1. Patients with Type 2 Diabetes taking glucagon-like peptide-1 receptor agonists (GLP-1 RAs) have a lower incidence of diabetic retinopathy (DR), compared to those not taking GLP-1 RAs.

2. A Mendelian randomization analysis found that an increase in GLP1R gene expression was associated with decreased risk for background and severe nonproliferative DR subtypes, but not proliferative DR and overall DR.

Evidence Rating Level: 2 (Good)

Diabetic retinopathy (DR) affects greater than 100 million individuals internationally. It can be classified into 3 types (in order of severity): Background DR, severe nonproliferative DR, and proliferative DR. Currently, glucagon-like peptide-1 receptor agonists (GLP-1 RAs) are diabetes medications associated with reductions in cardiovascular morbidity and mortality, as well as stroke. However, they have also been hypothesized to reduce the risk of DR, since the expression of GLP1R, the target of GLP-1 RAs, are prevalent in the retina. The current population matched cohort study based in Sweden examined the incidence of DR amongst patients with diabetes who did and did not use GLP-1 RAs, and also conducted a summary-data-based Mendelian randomization analysis. The cohort consisted of patients diagnosed with Type 2 Diabetes between 2006 and 2015, with each patient using GLP-1 RAs matched to randomly selected patients not using GLP-1 RAs, matched by age, sex, and duration of disease. The Mendelian analysis used single nucleotide polymorphisms (SNPs) associated with GLP1R expression in the pancreas, and correlated that with DR outcomes. In total, there were 14,119 patients included, with 2390 taking GLP-1 RAs and 11,729 patients who did not use GLP-1 RAs. The median (IQR) follow-up time was 2.03 (1.07-3.18) years for those using GLP-1 RAs and 1.92 (0.99-3.47) years for those not using GLP-1 RAs. The study found that the incidence of DR was 5.97 per 1000 person-years for GLP-1 RA users and 12.85 per 1000 person-years for non-users. Therefore, the incidence of DR was significantly lower in GLP-1 RA users (HR 0.43, 95% CI 0.29-0.61, p < 0.0001). Additionally, the Mendelian randomization analysis found that an increase in GLP1R expression by 1 standard deviation was associated with lower background DR risk (OR 0.83, 95% CI 0.71-0.97, p = 0.0162) and severe nonproliferative DR (OR 0.72, 95% CI 0.53-0.98, p = 0.0355), but not overall DR and proliferative DR. Overall, this study demonstrated through a population-based cohort analysis and a Mendelian randomization analysis that GLP-1 RAs are associated with decreased risk of developing DR.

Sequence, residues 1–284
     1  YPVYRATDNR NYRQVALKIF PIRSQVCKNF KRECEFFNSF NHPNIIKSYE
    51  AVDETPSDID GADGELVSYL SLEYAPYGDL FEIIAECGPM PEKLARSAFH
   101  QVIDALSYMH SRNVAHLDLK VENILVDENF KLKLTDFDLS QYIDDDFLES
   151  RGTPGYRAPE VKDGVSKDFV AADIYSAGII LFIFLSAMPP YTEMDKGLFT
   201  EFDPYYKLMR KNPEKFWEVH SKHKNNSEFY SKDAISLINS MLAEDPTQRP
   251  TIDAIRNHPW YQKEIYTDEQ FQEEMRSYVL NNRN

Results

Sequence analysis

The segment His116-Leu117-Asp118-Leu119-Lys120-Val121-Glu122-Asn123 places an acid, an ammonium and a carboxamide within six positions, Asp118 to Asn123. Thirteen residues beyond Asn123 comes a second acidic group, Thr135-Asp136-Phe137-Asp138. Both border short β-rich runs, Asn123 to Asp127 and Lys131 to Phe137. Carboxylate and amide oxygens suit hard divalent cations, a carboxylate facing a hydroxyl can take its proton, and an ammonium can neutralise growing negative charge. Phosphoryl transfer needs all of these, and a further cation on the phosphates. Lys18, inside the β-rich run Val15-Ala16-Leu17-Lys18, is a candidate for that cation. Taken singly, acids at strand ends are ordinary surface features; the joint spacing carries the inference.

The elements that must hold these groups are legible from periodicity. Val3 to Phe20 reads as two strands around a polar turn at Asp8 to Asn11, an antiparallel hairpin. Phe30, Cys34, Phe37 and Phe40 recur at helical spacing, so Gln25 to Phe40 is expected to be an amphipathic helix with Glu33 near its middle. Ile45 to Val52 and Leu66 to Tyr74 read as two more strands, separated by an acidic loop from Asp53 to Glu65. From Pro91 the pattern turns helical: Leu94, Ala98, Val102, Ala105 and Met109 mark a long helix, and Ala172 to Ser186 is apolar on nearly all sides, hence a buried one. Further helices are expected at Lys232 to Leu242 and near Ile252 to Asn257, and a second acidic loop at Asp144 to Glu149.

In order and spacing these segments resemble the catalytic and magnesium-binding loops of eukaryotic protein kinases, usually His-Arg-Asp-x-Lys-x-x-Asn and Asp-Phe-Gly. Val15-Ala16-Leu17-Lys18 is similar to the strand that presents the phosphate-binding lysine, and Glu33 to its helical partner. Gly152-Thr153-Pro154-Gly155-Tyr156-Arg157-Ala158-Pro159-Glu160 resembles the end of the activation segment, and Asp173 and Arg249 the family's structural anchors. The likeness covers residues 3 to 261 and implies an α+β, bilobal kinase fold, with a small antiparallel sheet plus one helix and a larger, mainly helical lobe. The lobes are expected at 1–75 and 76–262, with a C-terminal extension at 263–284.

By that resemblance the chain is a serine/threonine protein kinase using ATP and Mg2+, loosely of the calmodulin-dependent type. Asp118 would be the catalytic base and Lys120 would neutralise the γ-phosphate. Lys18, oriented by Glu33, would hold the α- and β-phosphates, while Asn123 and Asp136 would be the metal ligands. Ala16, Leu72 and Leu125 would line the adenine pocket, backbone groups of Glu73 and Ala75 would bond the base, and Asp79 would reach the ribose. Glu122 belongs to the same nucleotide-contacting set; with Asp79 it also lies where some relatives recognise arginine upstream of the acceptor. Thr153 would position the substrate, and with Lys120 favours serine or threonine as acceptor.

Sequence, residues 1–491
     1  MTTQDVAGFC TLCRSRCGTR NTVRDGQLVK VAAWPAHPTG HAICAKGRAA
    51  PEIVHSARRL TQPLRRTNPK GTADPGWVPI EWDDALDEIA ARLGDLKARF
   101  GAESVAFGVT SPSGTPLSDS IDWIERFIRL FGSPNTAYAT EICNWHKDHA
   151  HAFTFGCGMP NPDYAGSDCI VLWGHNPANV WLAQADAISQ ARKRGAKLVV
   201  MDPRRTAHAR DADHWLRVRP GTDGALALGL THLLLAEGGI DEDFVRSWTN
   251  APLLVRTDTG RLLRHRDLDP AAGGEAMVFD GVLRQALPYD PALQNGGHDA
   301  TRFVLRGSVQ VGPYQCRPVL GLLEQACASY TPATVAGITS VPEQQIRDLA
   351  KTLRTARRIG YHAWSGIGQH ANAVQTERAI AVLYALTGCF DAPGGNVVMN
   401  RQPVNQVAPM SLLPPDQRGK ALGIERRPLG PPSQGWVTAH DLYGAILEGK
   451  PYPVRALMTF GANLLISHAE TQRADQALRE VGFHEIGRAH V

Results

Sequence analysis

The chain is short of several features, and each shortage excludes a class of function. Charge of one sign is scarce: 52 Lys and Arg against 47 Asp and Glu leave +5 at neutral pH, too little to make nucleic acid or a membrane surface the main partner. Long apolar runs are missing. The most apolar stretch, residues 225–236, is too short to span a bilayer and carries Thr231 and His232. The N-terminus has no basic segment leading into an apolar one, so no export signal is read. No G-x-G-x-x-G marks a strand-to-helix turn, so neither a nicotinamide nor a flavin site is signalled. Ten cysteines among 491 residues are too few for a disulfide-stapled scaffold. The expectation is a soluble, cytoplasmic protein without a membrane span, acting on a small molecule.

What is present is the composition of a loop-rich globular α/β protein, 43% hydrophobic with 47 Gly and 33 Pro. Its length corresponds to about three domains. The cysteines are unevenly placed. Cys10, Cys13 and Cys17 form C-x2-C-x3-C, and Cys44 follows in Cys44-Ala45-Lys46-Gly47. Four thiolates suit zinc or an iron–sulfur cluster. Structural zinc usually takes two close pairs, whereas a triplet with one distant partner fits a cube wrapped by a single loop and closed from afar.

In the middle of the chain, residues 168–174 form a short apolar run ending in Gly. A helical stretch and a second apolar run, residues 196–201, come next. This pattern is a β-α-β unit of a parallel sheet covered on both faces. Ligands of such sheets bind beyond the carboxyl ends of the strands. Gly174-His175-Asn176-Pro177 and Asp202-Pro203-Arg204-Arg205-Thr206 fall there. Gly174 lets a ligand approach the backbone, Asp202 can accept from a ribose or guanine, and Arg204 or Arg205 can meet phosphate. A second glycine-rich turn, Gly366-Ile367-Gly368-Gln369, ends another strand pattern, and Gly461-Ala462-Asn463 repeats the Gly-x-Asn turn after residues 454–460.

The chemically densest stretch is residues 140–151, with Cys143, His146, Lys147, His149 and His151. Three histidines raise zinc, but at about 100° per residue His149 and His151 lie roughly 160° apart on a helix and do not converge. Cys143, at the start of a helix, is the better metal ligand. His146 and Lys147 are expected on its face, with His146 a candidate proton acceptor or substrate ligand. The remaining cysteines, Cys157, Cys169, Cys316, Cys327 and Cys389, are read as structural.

Click to read the study in BMC Medicine

Image: PD

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